In a government-orchestrated campaign to counter international pressure, hundreds of thousands of civil servants and students took Monday off to protest a U.N. report implicating Syria in the killing of a former Lebanese prime minister.
The action appeared to be a last ditch effort by the regime of Syrian President Bashar Assad to win support a day before a U.N. Security Council meeting is expected to convene and pile up the pressure on Damascus.
While the United States and Britain are pushing for an international stand against Syria in the wake of a damning U.N. report into Rafik Hariri's Feb. 14 killing, France indicated Monday it would not support sanctions against Syria before the ongoing probe had finished its work.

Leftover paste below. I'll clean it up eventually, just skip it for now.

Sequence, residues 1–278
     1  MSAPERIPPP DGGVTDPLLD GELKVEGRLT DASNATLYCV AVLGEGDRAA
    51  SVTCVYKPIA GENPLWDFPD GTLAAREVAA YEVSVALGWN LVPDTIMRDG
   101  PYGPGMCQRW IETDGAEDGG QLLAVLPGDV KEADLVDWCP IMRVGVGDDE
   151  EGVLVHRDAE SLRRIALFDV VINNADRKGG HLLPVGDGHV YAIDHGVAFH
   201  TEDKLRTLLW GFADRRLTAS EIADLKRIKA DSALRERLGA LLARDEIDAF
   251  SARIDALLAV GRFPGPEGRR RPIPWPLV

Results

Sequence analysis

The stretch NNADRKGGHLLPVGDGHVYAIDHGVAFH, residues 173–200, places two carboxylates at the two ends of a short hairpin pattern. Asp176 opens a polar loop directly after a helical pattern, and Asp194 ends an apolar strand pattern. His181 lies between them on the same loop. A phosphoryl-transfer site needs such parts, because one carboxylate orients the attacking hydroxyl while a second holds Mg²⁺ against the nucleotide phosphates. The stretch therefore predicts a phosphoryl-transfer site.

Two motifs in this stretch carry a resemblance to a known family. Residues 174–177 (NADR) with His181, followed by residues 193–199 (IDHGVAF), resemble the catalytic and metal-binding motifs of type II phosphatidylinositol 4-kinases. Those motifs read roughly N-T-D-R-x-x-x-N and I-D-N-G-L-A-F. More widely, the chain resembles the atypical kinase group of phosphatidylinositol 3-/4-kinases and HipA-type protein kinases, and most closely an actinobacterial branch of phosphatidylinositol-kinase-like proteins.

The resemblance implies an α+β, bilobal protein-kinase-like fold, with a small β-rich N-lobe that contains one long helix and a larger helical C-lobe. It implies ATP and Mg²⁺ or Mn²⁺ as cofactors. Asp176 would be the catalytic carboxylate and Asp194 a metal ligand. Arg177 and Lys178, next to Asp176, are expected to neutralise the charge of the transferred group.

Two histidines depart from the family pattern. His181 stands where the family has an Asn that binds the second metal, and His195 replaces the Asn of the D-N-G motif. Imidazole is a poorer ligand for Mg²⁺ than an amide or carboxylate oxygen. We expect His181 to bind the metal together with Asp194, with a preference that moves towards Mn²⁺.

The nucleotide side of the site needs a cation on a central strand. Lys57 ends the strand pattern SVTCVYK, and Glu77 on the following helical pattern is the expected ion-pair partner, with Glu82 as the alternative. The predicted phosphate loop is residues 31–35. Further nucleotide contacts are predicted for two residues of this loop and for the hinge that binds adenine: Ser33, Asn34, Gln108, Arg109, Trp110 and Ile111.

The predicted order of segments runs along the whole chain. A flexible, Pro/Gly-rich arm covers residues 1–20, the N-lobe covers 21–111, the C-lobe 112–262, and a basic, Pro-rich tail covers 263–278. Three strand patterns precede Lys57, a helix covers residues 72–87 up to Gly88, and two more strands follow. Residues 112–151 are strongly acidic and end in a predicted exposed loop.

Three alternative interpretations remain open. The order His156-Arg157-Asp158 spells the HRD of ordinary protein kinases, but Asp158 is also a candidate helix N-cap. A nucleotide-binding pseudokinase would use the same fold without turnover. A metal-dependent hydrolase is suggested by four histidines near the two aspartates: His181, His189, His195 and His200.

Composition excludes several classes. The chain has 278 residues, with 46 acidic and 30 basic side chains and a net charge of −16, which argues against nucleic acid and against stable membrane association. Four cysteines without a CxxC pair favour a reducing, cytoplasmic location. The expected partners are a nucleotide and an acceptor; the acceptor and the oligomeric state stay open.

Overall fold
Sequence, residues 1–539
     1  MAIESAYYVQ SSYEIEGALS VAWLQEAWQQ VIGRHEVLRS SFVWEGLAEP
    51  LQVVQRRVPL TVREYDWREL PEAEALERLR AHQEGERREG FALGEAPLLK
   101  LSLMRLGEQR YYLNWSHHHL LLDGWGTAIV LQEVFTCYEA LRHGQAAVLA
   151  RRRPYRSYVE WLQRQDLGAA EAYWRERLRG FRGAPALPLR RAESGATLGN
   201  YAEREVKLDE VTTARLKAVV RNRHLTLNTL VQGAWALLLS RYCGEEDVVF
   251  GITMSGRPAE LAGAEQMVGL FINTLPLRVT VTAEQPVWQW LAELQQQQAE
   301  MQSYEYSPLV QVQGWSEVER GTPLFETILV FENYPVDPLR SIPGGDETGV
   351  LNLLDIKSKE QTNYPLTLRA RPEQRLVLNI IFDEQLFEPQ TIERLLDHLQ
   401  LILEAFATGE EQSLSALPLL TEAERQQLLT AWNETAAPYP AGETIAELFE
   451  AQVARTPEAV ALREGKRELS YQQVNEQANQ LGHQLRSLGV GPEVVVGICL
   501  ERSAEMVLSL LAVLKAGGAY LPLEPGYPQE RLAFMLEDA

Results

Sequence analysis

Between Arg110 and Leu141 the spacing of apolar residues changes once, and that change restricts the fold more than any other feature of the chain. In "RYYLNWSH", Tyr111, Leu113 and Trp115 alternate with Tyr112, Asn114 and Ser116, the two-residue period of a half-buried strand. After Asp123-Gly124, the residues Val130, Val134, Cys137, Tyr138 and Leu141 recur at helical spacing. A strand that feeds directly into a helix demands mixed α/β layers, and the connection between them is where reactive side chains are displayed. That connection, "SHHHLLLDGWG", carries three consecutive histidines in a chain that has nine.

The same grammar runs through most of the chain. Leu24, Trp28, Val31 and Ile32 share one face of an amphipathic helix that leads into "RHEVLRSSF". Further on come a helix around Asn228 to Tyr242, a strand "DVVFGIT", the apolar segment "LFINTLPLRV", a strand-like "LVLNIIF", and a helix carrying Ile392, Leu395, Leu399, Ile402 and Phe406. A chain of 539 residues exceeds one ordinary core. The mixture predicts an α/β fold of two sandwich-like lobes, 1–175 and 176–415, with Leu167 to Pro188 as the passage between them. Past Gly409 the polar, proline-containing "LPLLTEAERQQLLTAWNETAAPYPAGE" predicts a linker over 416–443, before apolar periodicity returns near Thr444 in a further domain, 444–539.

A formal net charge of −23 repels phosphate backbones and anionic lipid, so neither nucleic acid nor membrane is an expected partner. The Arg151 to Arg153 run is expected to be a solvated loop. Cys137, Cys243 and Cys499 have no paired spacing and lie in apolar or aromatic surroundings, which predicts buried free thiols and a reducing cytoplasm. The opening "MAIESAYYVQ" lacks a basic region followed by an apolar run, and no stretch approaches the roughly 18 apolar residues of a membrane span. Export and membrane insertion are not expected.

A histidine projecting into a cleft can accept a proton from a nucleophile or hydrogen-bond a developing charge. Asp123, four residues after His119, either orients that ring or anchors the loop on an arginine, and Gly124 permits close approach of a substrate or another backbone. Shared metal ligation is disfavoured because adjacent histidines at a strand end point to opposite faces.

Syria's official news agency SANA said "hundreds of thousands" of Syrian citizens protested the "unjust accusations" in the report released last week by chief U.N. investigator Detlev Mehlis. The report implicated top Syrian security officials in Hariri's assassination.
The Syrian government has rejected the findings and described Mehlis' report as being politicized, biased and inaccurate.
The mass demonstrations in Damascus and Aleppo, northern Syria, were a concerted attempt by all branches of government to drum up support for Assad amid the heightening international pressure. A.M.
Russian President Vladimir Putin, in his speech dedicated to the Day of the Russian Navy, recalled the threats that Russia is currently facing from a number of countries.